Tag Archive for Weird

Pisa’s leaning tower


After our week in Florence, we hopped on the train and headed to Pisa. We had two goals for Pisa: pick up a cheap rental car at the airport and drive north, to our rented house in a tiny Tuscan village; and to go see some tower they have in Pisa, which apparently leans.  One of these goals was accomplished much more easily than the other.*   Our train from Florence took about an hour and cost only 15 Euro for us both. Once we made it to Pisa’s central…

What’s the poop on Austria’s toilets?

Was ist das ?

Before this trip started, I thought our biggest toilet misadventures would occur in Southeast Asia, home of the notorious squat toilet.  But I made it through four months of Southeast Asia without ever having to actually squat at a squat toilet, and so I thought the rest of the trip would be smooth sailing, toilet-wise. Then we came to Austria. Get ready, because I am about to drop a load of knowledge on you: In case you can’t tell by the photo, this toilet has a shelf.  A toilet shelf.…

Prague’s Miniature Museum


I had originally titled this post ‘The World’s Smallest Museum,’ but then, in the course of my research to confirm the veracity of this claim, I discovered there are a whole bunch of museums that are much smaller than this one, including one in New York City that is an alley (and currently showing an exhibition on fake vomit from around the world, so check it out!). So: Prague’s Miniature Museum.  It features miniatures created by Siberian artist Anatolij Konenko. His art – which must be viewed through a microscope…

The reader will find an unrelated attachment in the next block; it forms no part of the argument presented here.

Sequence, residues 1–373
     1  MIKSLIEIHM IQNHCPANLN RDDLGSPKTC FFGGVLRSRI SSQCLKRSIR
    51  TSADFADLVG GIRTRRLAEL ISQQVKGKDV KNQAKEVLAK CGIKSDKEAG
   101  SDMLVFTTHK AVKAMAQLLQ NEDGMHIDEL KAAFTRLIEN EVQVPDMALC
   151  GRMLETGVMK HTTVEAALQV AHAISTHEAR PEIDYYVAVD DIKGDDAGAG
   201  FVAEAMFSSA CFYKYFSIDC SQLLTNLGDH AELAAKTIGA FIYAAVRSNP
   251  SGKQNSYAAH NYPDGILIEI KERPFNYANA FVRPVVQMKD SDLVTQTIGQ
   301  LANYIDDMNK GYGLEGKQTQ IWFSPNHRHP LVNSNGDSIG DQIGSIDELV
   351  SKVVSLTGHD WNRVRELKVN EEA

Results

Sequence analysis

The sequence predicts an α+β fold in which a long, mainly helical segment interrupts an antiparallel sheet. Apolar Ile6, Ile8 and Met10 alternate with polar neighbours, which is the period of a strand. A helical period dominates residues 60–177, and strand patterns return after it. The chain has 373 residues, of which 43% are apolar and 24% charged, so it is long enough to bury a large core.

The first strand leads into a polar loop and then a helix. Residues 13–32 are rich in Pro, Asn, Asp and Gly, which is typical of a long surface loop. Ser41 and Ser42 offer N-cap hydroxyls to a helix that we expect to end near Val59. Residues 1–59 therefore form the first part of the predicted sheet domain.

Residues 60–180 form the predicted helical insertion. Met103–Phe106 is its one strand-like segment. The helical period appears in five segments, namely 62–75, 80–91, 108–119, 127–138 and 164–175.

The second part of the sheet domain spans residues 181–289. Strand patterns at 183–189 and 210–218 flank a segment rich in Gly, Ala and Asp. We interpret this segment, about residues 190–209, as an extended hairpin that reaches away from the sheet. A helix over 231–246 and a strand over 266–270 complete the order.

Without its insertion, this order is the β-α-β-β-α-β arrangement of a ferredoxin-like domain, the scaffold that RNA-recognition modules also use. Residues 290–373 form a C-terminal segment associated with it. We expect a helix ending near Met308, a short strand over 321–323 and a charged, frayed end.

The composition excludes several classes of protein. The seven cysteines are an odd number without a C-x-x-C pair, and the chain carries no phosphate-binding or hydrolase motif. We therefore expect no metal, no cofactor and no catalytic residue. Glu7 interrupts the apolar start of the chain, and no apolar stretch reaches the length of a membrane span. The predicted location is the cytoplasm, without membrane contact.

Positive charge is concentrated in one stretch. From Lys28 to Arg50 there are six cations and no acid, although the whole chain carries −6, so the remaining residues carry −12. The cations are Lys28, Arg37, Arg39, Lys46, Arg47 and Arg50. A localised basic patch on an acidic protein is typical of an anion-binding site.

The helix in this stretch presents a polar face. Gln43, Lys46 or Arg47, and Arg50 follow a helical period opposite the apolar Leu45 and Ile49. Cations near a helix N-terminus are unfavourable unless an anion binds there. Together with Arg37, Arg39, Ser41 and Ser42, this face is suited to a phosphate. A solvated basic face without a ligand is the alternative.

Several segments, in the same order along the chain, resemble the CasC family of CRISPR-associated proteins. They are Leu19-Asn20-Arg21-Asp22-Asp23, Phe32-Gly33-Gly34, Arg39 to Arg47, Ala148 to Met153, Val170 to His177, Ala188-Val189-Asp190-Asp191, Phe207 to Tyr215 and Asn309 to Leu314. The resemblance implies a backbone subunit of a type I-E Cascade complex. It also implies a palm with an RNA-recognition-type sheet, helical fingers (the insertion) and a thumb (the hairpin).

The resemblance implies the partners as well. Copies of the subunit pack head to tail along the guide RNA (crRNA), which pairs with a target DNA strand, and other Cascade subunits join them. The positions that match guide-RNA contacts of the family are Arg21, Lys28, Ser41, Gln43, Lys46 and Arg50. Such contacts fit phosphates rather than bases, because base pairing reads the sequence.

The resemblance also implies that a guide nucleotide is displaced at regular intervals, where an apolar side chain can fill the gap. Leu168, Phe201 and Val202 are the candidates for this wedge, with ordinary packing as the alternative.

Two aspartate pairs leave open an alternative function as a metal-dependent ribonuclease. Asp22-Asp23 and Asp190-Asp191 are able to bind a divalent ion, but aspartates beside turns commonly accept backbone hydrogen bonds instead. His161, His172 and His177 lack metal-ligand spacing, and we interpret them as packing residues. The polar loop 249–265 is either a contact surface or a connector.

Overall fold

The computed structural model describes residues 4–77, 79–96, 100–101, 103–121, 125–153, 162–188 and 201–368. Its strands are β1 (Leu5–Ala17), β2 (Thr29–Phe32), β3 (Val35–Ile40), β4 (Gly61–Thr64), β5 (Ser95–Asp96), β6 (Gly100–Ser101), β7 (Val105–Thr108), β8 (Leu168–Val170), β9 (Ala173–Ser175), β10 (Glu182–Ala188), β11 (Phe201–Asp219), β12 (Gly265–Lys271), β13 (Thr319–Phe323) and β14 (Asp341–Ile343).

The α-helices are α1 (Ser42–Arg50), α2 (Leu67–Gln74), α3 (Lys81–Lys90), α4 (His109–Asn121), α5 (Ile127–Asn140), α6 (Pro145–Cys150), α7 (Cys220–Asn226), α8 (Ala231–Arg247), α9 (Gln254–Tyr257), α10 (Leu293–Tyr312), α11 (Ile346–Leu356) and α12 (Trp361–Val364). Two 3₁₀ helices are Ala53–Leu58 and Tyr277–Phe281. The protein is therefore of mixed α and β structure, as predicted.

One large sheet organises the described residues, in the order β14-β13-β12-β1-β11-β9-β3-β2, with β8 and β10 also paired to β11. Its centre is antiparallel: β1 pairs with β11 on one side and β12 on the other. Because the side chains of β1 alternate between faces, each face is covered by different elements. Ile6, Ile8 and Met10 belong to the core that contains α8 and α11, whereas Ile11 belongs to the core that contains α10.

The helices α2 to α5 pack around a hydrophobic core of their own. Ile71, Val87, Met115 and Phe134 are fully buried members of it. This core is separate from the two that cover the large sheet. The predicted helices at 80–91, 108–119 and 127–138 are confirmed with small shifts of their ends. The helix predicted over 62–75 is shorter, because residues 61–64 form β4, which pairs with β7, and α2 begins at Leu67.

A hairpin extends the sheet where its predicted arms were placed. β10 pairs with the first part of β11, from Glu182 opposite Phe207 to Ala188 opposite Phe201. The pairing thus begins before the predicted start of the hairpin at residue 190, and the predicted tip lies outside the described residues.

Moeraki Boulders


Near Omaru, New Zealand is a geological oddity called the Moeraki Boulders.  The boulders are spherical rocks – called concretions – that started to form 55 million years ago when lime deposits slowly grew around a shell or pebble.  They resulted in large rocks that can be over 3 feet across, and are nearly perfect spheres.  These days, the large rocks are all that are left on the beach, as all the smaller ones have long since been pilfered by jerk tourists. These geological marvels now primarily serve as props…

Singapore’s Magical Merlion


Singapore’s official(ly strange) symbol is the half-lion/half-fish statue called the Merlion.The lion head represents Singapore’s original name (“Lion City”) while the fish body is an ode to the city’s origins as a fishing village. The Merlion stands 8.6 meters high and weighs more than 70 tons. It’s made of cement, parts of porcelain plates, and has small red teacups for eyes. The statue stands guard over the waterfront. Viewed at night, it is magnificent, spewing forth water from its mouth in a spectacle that is powerfully moving to behold.  Fun…

Australia’s Big Things

The original Big Thing that started them all: The Big Banana of Coff's Harbour

Australians love their Big Things.  They are spread all throughout the country.  Some are well-maintained popular tourist traps, others are sadly rundown and neglected.  But they are all big.  Here are some that we saw.       It remains one of my great regrets about Australia that we didn’t make it to the Big Lobster.  It was only a 4-hour drive away at one point! Here’s one more of the Big Banana, presented in totally gratuitous and unnecessary High Dynamic Range.